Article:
The task of rebuilding our website traffic again has been arduous. We had reached 28,000 monthly sessions up to the first week in March (and growing – this was in off-season). This plummeted to as low as 6,750 sessions in the month after the initial lockdown period.
But we have gradually been making inroads again. After a strategic shift in content focus and some targeted updates to old posts, our traffic has been climbing month-on-month since April. In August, we reached 10,000 monthly sessions again for the first time post-lockdown.
It’s still a very long way back to where our traffic was before, and much further still to where it would be now had the events of this year been different. But we are pleased to see some progress; it gives us some heart and encouragement for the future.
Closed borders = zero bookings
The fact that so much of our travel content is focused on South America is a particular challenge in the current circumstances. Prior to the global health crisis, our content on Peru, Chile and Argentina together accounted for the lion’s share of our website traffic, and almost all of our affiliate sales.
All three of these countries have had their borders closed for six months now, with no sign of when that will change. In September, several countries across South America announced they would be remaining closed for tourism.
This means that we have been making almost zero travel affiliate sales – a scant few bookings in Europe is all we’ve managed. There has been just a slow drip of visitors to our Peru and Patagonia itineraries, presumably people who are planning future trips. But nobody is booking.
While have seen our overall website traffic recovering slowly, our South America content has remained flattened. This will change as borders open up again. But when it comes to bookings, we are likely in for a longer wait. Realistically, we can write off the 2020/21 hiking season in Patagonia, and look towards next year’s season in Peru as the period when bookings may start to pick up again.
Income, expenditure and a support grant
The summation of this year’s challenges has left our blogging business in a trench where it is unable to bring in any significant income until people can start travelling again. But there has been some good news, and indeed a lifeline.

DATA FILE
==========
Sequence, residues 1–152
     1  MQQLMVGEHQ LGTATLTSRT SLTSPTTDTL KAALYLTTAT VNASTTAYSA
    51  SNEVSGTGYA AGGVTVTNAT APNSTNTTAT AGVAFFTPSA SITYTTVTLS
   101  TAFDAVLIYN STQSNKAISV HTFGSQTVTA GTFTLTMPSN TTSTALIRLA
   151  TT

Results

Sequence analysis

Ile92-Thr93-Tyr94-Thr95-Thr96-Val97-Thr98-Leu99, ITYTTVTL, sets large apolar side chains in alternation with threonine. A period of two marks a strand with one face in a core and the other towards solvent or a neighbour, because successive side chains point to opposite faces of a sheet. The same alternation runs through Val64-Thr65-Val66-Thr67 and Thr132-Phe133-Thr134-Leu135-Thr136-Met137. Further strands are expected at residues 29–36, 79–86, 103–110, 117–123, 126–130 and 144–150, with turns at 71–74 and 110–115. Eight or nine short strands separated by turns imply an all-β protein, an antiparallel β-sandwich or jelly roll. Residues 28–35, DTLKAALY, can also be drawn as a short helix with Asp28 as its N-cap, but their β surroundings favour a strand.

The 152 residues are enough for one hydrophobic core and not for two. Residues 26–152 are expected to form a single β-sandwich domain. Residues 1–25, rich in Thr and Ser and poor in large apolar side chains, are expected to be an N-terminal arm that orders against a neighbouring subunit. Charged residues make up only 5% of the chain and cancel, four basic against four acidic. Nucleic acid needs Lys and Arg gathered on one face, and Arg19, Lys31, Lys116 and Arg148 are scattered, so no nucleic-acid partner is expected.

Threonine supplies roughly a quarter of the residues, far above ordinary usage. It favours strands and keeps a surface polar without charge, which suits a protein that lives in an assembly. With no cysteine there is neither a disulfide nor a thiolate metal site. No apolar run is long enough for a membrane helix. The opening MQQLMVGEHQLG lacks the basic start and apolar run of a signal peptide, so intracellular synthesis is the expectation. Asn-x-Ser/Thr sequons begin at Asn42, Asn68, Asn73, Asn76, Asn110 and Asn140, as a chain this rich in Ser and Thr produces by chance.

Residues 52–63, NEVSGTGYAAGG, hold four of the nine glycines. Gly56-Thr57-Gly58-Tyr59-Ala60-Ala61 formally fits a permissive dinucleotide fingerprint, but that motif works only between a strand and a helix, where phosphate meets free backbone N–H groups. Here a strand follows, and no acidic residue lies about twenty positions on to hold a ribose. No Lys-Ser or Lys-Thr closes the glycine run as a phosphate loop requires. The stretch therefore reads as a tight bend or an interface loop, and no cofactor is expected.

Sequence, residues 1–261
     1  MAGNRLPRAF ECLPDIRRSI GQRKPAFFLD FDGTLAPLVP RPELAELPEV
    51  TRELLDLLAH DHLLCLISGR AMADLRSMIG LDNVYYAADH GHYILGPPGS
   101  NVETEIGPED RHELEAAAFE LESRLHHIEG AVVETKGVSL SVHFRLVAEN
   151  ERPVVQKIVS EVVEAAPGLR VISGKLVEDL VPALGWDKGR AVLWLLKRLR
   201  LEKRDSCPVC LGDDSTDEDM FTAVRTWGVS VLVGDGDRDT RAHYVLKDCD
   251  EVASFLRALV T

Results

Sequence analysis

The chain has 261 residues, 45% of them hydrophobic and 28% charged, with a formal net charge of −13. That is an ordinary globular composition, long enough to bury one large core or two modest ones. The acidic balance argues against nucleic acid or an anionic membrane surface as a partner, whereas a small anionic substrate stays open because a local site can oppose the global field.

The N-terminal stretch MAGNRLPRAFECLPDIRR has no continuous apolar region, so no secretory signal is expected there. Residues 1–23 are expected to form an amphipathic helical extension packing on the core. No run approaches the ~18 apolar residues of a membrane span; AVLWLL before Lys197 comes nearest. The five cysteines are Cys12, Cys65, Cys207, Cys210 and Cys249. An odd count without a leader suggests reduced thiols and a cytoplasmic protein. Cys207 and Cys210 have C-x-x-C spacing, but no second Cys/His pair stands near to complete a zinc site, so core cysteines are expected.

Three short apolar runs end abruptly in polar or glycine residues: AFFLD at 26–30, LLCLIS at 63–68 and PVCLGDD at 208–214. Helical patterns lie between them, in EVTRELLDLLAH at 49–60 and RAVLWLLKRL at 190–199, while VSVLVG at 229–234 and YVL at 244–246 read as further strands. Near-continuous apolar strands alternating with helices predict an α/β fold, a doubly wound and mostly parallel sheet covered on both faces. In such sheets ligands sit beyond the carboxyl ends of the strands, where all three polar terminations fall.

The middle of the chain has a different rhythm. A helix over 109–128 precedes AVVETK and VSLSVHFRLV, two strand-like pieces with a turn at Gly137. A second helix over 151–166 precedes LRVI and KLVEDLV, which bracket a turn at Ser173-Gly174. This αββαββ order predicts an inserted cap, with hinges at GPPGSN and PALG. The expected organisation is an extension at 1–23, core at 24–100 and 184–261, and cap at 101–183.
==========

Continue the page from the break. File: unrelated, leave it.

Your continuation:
I applied to a discretionary grant scheme designed to help businesses that have been hit by Covid and are ineligible for any other support. The application was approved, and we were given £2,500 to cover some of our loss of income. Needless to say, this is a massive help, at least for the time being.
In addition to the grant money, Career Gappers has brought in a trickle of $592.03 (about £460) over the last three months, through a combination of Mediavine advertising income, ebook sales and affiliate commission.
It’s difficult to calculate what our actual loss of income has been during this period. Not only would our Mediavine and affiliate earnings be many multitudes higher in a world still travelling, but this lost summer is when we had expected to be embarking on new brand partnerships that would have added another strand to our income.
But there is little use in “what if”. By using this time to strengthen our foundations and build new avenues for future success, we can emerge in an even better place on the other side.
The time has come again to reinvest in the future. While we have brought our general business running costs right down, in the last few weeks we’ve used some of the funds we had been keeping aside to start building again.
Our main recent outlay has been to prepare for the Traverse 20 conference in Palma, Mallorca. Originally scheduled to take place in late November, I was already signed up to go, but Lisa wasn’t able to make those dates. It has now been rearranged for March 2021, and so we’ve bought a ticket for Lisa too, as well as flights and accommodation. We’ll be there over my birthday, which should be fun.